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‘Nuclear talks won’t halt Israeli strike on Iran’

Published time: April 17, 2012 18:52
Edited time: April 17, 2012 22:52

An Israeli air force helicopter, part of an air convoy carrying Israeli soldier Gilad Shalit, arrives at Tel Nof air base in central Israel (Reuters/Eric Gaillard)

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Israel says it never promised the United States it would refrain from striking Iran while the latest nuclear talks were underway. However, some experts say the drive to strike Iran has little connection with Tehran’s alleged weapons program.

Ratcheting up the rhetoric, Israeli defense minister Ehud Barak told Israel’s Army Radio diplomatic efforts to reach a compromise with Iran were a waste of “precious time.”

Barak’s position comes in stark contrast to Saturday’s talks in Istanbul between Iran and the five plus one countries – the five permanent members of the UN Security Council plus Germany. Iran’s chief nuclear negotiator Saeed Jalilil portrayed the talks as “very successful,” with a White House spokesman lauding Tehran’s “positive attitude.”

With the five plus one countries having agreed to meet with Iran again for talks in Baghdad next month, Israeli Prime Minister Benjamin Netanyahu claimed Iran was given a “freebie” by the international community. US President Barrack Obama shot back, saying the US had not given anything away in the talks.

While Israel insists that it will use force to stop Iran from developing the capability to produce a nuclear weapon, Professor Seyed Mohammad Marandi from the University of Tehran told RT Iran poses a very different type of existential threat to the Jewish state.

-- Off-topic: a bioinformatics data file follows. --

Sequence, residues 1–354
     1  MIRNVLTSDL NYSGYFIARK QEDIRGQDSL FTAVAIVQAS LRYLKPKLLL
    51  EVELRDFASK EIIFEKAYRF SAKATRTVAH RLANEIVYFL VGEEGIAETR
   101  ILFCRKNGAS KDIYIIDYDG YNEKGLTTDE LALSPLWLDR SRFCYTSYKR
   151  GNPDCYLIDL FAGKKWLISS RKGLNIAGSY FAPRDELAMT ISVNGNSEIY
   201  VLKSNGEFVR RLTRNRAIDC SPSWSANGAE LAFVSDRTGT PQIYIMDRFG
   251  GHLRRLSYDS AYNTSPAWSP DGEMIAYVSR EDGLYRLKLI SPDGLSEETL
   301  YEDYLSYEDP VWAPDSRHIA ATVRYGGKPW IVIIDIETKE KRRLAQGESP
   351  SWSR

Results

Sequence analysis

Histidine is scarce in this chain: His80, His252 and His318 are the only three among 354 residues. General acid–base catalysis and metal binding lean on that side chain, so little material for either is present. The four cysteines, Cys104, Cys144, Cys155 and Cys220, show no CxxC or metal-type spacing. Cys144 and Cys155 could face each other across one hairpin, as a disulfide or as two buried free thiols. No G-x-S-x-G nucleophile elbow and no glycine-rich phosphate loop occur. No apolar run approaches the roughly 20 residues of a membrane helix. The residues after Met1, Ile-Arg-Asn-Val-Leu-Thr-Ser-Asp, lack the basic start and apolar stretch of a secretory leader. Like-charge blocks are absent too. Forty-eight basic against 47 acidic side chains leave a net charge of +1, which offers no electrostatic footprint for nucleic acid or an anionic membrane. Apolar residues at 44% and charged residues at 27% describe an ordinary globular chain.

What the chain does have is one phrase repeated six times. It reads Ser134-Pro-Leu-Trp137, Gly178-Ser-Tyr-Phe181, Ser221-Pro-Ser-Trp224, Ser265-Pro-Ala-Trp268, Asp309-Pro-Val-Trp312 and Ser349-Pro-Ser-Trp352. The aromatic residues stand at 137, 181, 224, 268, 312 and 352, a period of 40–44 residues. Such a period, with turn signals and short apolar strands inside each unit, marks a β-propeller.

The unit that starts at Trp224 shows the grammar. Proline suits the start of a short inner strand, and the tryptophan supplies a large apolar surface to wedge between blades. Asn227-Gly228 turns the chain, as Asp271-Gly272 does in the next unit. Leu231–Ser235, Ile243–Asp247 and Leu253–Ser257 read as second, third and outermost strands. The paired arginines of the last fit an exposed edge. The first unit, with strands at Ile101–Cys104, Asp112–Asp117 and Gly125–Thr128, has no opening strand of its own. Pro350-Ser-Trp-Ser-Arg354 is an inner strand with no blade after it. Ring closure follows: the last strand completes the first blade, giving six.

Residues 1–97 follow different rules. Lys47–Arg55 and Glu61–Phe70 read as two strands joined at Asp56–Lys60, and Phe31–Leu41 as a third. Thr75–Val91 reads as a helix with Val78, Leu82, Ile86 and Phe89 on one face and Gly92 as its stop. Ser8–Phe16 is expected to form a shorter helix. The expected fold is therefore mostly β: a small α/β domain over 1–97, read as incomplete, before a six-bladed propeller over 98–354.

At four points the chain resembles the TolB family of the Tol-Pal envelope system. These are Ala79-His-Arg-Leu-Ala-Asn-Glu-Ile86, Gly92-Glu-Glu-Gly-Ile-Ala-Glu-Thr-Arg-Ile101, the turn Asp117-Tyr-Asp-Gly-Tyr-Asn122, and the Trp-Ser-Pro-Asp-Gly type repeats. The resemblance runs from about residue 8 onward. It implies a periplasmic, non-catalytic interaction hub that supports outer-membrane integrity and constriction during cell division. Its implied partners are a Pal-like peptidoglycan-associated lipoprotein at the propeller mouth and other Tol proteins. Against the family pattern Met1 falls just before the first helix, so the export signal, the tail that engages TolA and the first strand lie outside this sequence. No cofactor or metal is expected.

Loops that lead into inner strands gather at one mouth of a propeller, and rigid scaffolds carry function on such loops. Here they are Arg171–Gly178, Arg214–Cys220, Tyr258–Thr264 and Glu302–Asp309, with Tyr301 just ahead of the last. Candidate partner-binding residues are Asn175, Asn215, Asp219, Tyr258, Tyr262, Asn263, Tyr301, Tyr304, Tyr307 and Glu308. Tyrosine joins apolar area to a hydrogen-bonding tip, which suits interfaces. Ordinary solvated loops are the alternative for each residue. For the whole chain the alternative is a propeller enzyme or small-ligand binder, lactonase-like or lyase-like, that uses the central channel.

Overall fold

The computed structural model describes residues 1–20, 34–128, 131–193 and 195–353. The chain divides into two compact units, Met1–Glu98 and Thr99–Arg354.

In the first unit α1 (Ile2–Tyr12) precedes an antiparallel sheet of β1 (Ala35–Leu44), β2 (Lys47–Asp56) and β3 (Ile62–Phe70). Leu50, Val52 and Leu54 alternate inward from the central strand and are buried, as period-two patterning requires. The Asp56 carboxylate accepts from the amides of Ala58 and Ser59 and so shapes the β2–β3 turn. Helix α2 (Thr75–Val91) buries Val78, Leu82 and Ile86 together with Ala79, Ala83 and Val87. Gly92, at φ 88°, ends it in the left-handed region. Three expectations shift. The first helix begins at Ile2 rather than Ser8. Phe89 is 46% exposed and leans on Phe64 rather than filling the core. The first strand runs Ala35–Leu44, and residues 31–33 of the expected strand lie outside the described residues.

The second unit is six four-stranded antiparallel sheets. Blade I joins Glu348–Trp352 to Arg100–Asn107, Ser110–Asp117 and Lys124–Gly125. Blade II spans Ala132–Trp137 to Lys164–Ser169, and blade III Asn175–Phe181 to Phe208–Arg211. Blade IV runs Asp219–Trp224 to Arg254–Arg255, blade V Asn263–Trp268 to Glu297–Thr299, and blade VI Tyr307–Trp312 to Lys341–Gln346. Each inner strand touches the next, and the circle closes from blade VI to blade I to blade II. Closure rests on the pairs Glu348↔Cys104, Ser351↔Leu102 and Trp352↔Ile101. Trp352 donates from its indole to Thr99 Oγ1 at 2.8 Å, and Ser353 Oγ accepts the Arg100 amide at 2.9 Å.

“Israel has an inherent hostility towards Iran, and it has really nothing to do with the nuclear program. It began from the very start of the Islamic revolution in Iran. Because the Iranian position has always been that Israel is an apartheid state, and like apartheid South Africa, it must cease to exist in its current state of affairs.”

Marandi says that it is “the idea that Iran promotes that Palestinians should have equal rights that angers Israel so much” – rather than its nuclear program.

Marandi says Israel’s restlessness with the negotiations stems from the possibility “that Western countries may be shifting their positions” when it comes to Iran exercising its rights under the Non-Proliferation Treaty (NPT). Marandi attributes this shift both to “the fact that oil prices have gone up dramatically and Western economies are hurting,” as well as his belief that “Iran is the only stable country in the region” following the Arab Spring.

While Marandi says Iran will never “give up its right to enrich uranium,” it could be more transparent with the UN nuclear watchdog.

“The Iranians of course have concerns,” he said. “In the past, every time the IAEA met new scientists or saw new places, subsequently we had assassinations and murders of Iranian scientists, including an academic who was a colleague of mine at the University of Tehran.”

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